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Honorary researcher leads cornea implant technology breakthrough

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Dr Berkay Ozcelik

A Melbourne research team has made an important breakthrough in the treatment of blindness, after successfully growing and implanting corneal cells.

Melbourne School of Engineering alumnus and honorary researcher in the Department of Chemical and Biomolecular Engineering, Dr. Berkay Ozcelik has won the Victorian final of Fresh Science for his work on the new technology, which the team plans to progress to human trial stage.

The University of Melbourne–led research team has managed to grow corneal cells on a layer of film that can be implanted in the eye to help the cornea heal itself. They have already successfully restored vision in animal trials. The technology has the potential to overcome the worldwide shortage of donated corneas.

Dr Ozcelik developed the synthetic hydrogel film used to culture new corneal cells at the Polymer Science Group at the Melbourne School of Engineering, working with the Centre for Eye Research Australia.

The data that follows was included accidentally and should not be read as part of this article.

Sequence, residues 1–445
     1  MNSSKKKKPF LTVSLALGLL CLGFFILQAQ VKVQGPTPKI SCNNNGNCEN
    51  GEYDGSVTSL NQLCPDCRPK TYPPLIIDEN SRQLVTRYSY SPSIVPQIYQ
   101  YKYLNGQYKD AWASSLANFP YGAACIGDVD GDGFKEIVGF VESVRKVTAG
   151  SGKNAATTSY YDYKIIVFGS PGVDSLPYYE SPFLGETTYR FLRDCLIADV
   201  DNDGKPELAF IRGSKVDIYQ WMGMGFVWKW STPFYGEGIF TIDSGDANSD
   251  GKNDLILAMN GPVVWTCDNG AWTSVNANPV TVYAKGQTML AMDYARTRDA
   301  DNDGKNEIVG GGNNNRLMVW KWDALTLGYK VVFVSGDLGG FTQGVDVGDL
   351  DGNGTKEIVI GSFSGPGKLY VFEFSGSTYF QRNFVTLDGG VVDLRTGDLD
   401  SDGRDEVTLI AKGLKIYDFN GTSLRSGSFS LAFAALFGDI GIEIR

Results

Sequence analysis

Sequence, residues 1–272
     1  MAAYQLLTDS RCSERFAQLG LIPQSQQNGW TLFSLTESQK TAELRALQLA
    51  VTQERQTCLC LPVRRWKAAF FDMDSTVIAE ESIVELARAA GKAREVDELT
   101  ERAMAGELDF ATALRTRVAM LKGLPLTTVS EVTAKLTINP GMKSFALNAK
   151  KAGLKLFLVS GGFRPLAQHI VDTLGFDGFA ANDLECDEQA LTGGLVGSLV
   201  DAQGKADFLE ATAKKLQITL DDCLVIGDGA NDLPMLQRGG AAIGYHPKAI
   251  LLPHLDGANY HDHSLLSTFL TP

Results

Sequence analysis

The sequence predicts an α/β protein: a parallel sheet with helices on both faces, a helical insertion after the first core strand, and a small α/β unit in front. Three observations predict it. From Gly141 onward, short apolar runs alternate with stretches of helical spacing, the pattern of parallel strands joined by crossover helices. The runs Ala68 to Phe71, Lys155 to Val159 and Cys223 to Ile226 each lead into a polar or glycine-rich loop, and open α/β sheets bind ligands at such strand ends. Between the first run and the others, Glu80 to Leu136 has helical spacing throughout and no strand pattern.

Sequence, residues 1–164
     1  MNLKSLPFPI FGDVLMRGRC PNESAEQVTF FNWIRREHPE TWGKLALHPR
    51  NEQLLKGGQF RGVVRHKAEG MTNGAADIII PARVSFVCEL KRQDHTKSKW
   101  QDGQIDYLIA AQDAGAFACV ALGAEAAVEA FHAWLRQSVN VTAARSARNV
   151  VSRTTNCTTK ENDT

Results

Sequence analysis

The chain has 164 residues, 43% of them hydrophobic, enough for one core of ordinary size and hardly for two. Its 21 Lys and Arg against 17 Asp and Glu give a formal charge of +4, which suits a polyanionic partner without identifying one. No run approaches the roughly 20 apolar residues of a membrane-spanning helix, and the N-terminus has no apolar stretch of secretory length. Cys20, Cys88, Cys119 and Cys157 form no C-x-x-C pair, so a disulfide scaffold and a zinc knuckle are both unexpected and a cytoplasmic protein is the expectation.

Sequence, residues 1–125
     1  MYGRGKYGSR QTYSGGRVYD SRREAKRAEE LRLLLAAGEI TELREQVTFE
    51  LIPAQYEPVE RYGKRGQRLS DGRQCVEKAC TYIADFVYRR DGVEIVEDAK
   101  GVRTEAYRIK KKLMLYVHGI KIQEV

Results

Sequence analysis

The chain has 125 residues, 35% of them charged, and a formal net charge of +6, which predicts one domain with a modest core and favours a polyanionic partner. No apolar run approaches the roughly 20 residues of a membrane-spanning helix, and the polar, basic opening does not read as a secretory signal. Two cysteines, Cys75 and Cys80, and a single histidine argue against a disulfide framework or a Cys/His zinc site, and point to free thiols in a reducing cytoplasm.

“The hydrogel film we have developed allows us to grow a layer of corneal cells in the laboratory,” says Dr Ozcelik.

“Then, we can implant that film on the inner surface of a patient’s cornea, within the eye, via a very small incision.”

Once in place the new cells restore the cornea’s vital water-pumping activity, so that the cornea once more becomes transparent.

Dr Ozcelik’s work was this week featured by a range of media outlets including ABC, NineTen, International Business Times, and more.

Fresh Science is a prestigious national program helping early career researchers find a share their discoveries.

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